Do you think that Gyaru celebrities (idols) are good role models for young girls?
Yes, I think so. But I wonder what their sales points will be after they have aged.
In this respect I think Tsubasa and Momoeri (among others) stand out from the rest of Gyaru models. They make business.
Have you ever been tempted to try Gyaru? If not, why?
No, I’ve felt it’s just too young for me, but I think now it’s OK to buy some Gyaru tasted clothes and mix with others. However I never feel like wearing circle lenses and dye my hair bronze etc. False lashes maybe OK once in a while.
I have no reason to spend so much time transforming myself when I am busy with everything else. If I had time and money, I’d rather spend them travelling abroad than shopping Gyaru tasted items or getting my nails or hair done.
Free talk –
This is only an opinion from a Japanese woman in her mid 30’s. I don’t see anyone in my generation dressing like a Gyaru around me. It’s reasonable because our generation is busy working and raising kids. Our interests are directed toward something else.
As for me, I like to hang out with young people and talk about something kawaii, but my real life is much different from what you may imagine from my blog. It’s full of work and I’ve read books about investment, economy and business and to tell you the truth I don’t read fashion magazines. (So I am not quite sure for the styles, I just pick up whatever I like to wear.) But my hair dresser is so kind as to give some old ones, so I find interesting articles from them to introduce on my blog while I am bathing. (I love to have a long bath time.)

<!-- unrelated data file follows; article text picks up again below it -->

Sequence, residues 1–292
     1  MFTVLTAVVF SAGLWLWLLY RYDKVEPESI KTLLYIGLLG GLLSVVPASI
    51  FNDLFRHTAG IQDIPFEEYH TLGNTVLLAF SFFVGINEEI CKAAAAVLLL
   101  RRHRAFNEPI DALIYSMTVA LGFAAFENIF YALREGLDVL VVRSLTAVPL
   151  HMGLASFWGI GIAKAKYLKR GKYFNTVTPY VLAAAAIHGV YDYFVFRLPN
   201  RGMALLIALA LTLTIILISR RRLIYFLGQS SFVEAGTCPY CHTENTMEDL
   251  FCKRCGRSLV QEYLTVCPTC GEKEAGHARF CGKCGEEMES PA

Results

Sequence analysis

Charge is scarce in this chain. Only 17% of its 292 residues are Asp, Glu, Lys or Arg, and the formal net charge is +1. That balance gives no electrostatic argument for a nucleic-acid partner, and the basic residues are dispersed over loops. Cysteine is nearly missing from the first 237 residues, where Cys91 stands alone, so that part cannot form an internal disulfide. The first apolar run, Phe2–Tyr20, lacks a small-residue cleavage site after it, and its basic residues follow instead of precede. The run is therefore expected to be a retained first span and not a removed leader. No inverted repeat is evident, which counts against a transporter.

So I have 2 reasons I don’t dress like Gyaru.
1. I’m too old to do so.
2. I’m too busy to keep the style.
If I were 20 something years old now, I think I would love to spend my time and money for Gyaru style and I’d enjoy that so much. I guess I totally missed the chance :p
But while you can enjoy it, you should do it fully.
I am so happy that Kirin could do this interview for my blog. She is very sweet and really interested in other cultures, and those who are interested in her own. If you haven’t already visited her blog (I doubt it) then make sure you head on over.
– She has also written a response to this interview here.
If you have any comments or questions for her, please feel free to comment and I am sure she will respond when she has the time.
I am always open for Gal/Japan related questions, and you can visit my formspring here.